Fairness and Accuracy in Reporting (FAIR) is taking the New York Times to task for portraying the attack on voting rights in the U.S. as little more than a partisan disagreement. According to the NYT, Republican-enacted laws to shorten early voting periods and force voters to show identification cards are designed to prevent voter fraud, while Democrats say such fraud is nearly non-existent and these restrictions are a Republican effort to disenfranchise poor and minority voters.
But the Times failed completely to report on the actual facts pertaining to the issue of voter fraud in the U.S.
On many occasions Republican politicians have actually admitted that voting restrictions are, in fact, aimed at disenfranchising Democrats. Additionally, no Republican has ever been able to show that any American election was stolen as a result of in-person voter fraud. Not one.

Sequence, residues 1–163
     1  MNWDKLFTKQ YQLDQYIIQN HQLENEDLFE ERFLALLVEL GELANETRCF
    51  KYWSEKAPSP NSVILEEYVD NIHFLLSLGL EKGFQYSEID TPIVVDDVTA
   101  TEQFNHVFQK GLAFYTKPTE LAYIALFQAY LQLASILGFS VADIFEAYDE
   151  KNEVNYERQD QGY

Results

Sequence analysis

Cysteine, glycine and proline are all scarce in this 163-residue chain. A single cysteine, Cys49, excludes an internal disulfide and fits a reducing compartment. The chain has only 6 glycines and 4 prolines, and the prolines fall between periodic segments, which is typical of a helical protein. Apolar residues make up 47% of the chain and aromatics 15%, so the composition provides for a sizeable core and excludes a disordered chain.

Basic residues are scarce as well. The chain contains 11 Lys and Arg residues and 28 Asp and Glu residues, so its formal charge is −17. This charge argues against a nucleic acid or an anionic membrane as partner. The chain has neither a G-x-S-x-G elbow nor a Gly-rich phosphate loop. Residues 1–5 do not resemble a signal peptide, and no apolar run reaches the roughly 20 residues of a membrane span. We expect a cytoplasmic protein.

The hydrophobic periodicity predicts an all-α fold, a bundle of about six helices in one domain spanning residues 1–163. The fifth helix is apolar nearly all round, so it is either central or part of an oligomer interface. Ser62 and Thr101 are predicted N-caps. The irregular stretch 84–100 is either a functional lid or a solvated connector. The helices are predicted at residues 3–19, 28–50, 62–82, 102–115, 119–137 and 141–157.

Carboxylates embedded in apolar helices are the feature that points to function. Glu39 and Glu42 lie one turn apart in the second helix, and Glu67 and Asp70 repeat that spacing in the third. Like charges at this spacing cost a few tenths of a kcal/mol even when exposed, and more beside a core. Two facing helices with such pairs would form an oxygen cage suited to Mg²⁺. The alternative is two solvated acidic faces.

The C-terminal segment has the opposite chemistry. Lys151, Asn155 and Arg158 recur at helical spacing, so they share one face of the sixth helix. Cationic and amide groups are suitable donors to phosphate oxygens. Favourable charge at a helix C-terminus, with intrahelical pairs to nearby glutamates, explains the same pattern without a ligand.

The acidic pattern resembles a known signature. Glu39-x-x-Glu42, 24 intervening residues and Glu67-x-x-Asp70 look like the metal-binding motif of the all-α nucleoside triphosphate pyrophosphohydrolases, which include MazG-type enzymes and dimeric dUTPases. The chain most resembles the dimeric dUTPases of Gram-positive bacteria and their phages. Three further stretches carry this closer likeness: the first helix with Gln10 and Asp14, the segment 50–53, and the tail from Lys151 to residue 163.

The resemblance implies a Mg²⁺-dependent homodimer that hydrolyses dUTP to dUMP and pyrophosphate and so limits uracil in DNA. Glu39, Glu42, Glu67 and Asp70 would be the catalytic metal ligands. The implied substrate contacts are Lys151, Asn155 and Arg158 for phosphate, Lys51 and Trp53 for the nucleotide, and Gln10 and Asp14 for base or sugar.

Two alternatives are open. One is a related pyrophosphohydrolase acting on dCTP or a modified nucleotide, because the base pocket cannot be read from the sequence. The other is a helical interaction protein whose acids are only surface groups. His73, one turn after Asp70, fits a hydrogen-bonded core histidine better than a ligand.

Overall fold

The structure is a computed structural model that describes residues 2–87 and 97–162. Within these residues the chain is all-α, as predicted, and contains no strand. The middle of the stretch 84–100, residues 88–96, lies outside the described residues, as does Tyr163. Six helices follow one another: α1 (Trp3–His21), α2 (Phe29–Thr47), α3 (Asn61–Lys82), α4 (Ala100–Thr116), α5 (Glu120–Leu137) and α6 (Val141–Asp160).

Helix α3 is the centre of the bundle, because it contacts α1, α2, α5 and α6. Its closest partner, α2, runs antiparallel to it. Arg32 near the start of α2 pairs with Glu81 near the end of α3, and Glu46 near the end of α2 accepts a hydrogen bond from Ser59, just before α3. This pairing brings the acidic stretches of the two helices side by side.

Moreover, academic studies show voter fraud is practically nonexistent in the U.S.
Law professor Justin Levitt since 2000 has tracked down and analyzed “every specific, credible allegation that someone may have pretended to be someone else and the polls, in any way that an ID law could fix.” He found only 31 incidents over 15 years and over more than a billion ballots cast. Most of the incidents were due to voters misunderstanding the voting eligibility rules or making mistakes filling out registration forms. Levitt concluded that “There is almost no voting fraud in America,” and “The only reason Republicans are passing these laws is to give themselves a political edge by suppressing Democratic votes.”
Despite this, the New York Times failed to state that voter restriction laws are, in fact, an ongoing effort by Republicans to disenfranchise voters and gain an electoral advantage. Rather, the paper reports on the issue as though it is merely a disagreement over the facts between Republicans and Democrats.
Source: Jim Naureckas, Fairness and Accuracy in Reporting, March 9, 2015, “Voting Rights Shall Not Overcome NYT Reporting Like This”